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Section 2: Main Signals

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From about 1869, the signal arms on the London Brighton & South Coast Railway were painted red on the front but with a black stripe [2.19 & 2.20].

[2.19] Semaphore Signal ('on').
Area: LB&SCR   Usage: High   Status: Historical
[2.20] Semaphore Signal ('off').
Area: LB&SCR   Usage: High   Status: Historical

The LB&SCR's Outdoor Superintendent, W.J. Williams, had the idea of cutting a 'fishtail' notch into the ends of distant signal arms [2.21 & 2.22] so that drivers could distinguish them from stop signals, albeit during daylight hours only. Fishtailed arms were first introduced at Norwood Junction, in 1872.

[2.21] Semaphore Distant Signal with Fishtailed Arm ('on').
Area: LB&SCR   Usage: High   Status: Historical
[2.22] Semaphore Distant Signal with Fishtailed Arm ('off').
Area: LB&SCR   Usage: High   Status: Historical

From 1876/1877, other railways began to follow the LB&SCR's example and provided fishtails in their distant signals [2.23 - 2.30]. In 1877, this important feature became a requirement of the Board of Trade.

[2.23] Semaphore Distant Signal with Fishtailed Arm ('on').
Area: Various   Usage: High   Status: Historical
[2.24] Semaphore Distant Signal with Fishtailed Arm ('off').
Area: Various   Usage: High   Status: Historical
[2.25] Semaphore Distant Signal with Fishtailed Arm ('on').
Area: SER   Usage: High   Status: Historical
[2.26] Semaphore Distant Signal with Fishtailed Arm ('off').
Area: SER   Usage: High   Status: Historical
[2.27] Semaphore Distant Signal with Fishtailed Arm ('on').
Area: Mid.R   Usage: High   Status: Historical
[2.28] Semaphore Distant Signal with Fishtailed Arm ('off').
Area: Mid.R   Usage: High   Status: Historical
[2.29] Ringed Semaphore Distant Signal with Fishtailed Arm ('on').
Area: LNWR   Usage: High   Status: Historical
[2.30] Ringed Semaphore Distant Signal with Fishtailed Arm ('off').
Area: LNWR   Usage: High   Status: Historical

Another new requirement to come from the Board of Trade in 1877 concerned stop and distant arms placed together on the same post. It was laid down that the stop arm must be the higher of the two [2.31 - 2.33]. The Glasgow & South Western Railway had previously employed the opposite arrangement, placing the distant arm at the top of the post.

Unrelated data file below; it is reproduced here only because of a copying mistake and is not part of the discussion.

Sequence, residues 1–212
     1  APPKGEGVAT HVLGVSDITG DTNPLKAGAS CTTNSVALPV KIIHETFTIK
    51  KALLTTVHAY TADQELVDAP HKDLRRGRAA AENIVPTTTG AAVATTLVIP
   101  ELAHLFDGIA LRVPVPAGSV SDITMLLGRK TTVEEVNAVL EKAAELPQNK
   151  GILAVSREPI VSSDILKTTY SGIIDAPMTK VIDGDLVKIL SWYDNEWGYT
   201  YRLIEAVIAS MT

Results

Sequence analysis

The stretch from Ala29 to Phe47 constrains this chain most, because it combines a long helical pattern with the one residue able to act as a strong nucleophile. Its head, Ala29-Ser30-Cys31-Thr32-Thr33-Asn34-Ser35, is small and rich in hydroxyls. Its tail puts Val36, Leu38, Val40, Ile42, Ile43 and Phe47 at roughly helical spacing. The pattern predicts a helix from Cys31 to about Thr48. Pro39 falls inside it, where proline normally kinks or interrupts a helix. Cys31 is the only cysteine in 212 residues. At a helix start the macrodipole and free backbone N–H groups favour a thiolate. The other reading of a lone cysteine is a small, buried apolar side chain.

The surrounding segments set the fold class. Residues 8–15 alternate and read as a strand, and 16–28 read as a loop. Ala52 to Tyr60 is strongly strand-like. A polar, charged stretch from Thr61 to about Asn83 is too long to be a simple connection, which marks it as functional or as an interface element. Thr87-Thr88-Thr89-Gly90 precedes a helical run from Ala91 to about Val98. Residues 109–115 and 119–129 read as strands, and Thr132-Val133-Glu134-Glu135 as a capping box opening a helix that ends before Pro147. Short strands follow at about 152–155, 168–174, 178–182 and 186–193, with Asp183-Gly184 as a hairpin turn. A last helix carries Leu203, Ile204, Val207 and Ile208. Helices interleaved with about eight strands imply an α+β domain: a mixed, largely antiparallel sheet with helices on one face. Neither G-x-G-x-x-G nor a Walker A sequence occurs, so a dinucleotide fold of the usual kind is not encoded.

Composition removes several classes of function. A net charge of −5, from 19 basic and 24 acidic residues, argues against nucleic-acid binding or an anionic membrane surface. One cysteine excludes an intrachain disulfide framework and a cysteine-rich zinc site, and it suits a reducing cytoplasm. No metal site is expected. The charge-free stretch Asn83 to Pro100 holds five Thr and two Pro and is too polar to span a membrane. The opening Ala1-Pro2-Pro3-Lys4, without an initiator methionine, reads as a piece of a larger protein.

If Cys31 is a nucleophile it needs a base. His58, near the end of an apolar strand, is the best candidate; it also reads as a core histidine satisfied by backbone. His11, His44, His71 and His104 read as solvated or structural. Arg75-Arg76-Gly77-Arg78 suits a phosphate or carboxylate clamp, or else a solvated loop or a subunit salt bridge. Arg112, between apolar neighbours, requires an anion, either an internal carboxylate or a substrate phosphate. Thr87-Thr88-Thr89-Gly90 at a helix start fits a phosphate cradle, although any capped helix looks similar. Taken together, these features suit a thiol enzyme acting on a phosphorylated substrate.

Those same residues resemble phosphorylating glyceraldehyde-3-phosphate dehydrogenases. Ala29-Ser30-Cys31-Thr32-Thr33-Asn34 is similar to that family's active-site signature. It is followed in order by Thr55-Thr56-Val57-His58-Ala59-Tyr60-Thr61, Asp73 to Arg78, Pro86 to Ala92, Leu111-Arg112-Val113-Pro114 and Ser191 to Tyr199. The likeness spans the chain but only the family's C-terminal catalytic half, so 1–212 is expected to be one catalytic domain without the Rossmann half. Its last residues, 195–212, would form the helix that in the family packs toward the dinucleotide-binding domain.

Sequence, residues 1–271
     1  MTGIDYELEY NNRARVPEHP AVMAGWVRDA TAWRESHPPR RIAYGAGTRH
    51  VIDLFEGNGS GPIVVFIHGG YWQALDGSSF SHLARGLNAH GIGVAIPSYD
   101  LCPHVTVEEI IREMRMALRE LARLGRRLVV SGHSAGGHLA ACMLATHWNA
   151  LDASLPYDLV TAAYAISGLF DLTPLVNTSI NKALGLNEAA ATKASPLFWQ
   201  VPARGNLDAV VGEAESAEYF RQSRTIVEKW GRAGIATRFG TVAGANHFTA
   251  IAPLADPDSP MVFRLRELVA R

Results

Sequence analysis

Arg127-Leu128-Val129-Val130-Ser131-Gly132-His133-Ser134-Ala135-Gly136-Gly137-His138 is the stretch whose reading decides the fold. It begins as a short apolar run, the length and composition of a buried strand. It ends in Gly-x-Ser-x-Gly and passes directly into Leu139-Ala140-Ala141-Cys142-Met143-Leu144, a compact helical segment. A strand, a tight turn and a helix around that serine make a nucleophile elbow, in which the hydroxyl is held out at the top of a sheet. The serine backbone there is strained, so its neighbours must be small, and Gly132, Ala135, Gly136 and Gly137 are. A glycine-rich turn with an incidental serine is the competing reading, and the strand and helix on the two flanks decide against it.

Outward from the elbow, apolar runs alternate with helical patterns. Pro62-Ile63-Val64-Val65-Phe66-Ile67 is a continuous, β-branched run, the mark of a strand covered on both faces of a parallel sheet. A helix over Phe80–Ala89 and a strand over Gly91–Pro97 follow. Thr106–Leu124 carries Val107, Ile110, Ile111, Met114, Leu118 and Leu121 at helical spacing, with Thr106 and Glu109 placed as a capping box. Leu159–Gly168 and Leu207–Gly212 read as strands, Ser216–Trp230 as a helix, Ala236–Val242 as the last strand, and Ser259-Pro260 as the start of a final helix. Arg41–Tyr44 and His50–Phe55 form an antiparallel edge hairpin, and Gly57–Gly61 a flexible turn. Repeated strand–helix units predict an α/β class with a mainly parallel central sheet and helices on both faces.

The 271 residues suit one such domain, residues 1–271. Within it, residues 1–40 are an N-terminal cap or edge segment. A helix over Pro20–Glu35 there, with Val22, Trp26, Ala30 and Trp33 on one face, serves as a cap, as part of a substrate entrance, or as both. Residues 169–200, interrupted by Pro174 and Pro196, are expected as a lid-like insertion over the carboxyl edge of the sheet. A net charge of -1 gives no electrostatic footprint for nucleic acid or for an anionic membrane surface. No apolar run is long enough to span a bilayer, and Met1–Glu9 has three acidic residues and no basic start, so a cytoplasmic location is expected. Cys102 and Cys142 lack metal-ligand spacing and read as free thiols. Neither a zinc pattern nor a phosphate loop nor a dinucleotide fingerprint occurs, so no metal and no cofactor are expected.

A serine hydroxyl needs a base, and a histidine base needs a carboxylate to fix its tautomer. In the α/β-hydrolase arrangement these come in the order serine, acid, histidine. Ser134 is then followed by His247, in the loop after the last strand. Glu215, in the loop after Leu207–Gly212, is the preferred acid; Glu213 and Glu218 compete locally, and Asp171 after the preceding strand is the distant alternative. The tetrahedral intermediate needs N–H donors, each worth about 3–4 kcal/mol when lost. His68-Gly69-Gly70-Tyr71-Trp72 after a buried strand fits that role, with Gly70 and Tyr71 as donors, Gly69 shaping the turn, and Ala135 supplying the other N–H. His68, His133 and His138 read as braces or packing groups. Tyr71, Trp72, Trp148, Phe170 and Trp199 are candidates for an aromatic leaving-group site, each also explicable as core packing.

[2.31] Stop and Distant arms both 'on'. *
Area: All Areas   Usage: High   Status: Current
[2.32] Stop arm 'off', Distant arm 'on'. *
Area: All Areas   Usage: High   Status: Current
[2.33] Stop and Distant arms both 'off'. *
Area: All Areas   Usage: High   Status: Current
Note: The above illustrations serve only to show the positions of the signal arms. For full details of their appearance, refer to elsewhere in this section.

On 21 January 1876, a double collision occurred at Abbots Ripton on the Great Northern Railway as a consequence of semaphore arms being frozen inside their slotted posts, which prevented them returning to the 'on' position. This prompted one of the GNR's signal fitters, Edward French, to design a new form of semaphore signal in which a centrally balanced arm operated outside of the post. While the 'on' indication was no different in appearance from that of previous semaphores, the arm in the 'off' position remained fully visible in an almost vertical position [2.34 & 2.35] and not obscured within the post. Another improvement was to show a green light at night when the arm was in the 'off' position, to avoid a white light, which might be seen as a result of a broken red lens, being falsely taken as a 'clear' indication while the signal was at 'danger'. Known as 'somersault' signals, the new form of semaphore arm was first used by the GNR in 1877. These were apparently the first semaphore signals to give a positive 'clear' indication.

[2.34] 'Somersault' Stop Signal ('off').
Area: Predominately GNR   Usage: High   Status: Historical
[2.35] 'Somersault' Distant Signal ('off').
Area: Predominately GNR   Usage: High   Status: Historical

From 1877, the Great Northern Railway began to distinguish its signals applying to goods lines or slow lines by fitting rings to their arms [2.36 & 2.37]. In addition to being fitted with rings, the same signals were altered to show a purple light at night in the 'off' position [2.37].

[2.36] Ringed 'Somersault' Stop Signal ('on').
Area: GNR   Usage: High   Status: Historical
[2.37] Ringed 'Somersault' Stop Signal ('off').
Area: GNR   Usage: High   Status: Historical

The Taff Vale Railway was another major user of somersault signals. On the TVR, the Rhymney Railway and the Barry Railway, their arms were painted with two white stripes [2.38]. Given that the arm rotated to a near vertical position, the resulting image of one white rectangle above the other provided drivers with a greater visual clue that the signal was 'off' [2.39].

[2.38] 'Somersault' Stop Signal ('on').
Area: TVR / Rhy.R / Bar.R   Usage: High   Status: Historical
[2.39] 'Somersault' Stop Signal ('off').
Area: TVR / Rhy.R / Bar.R   Usage: High   Status: Historical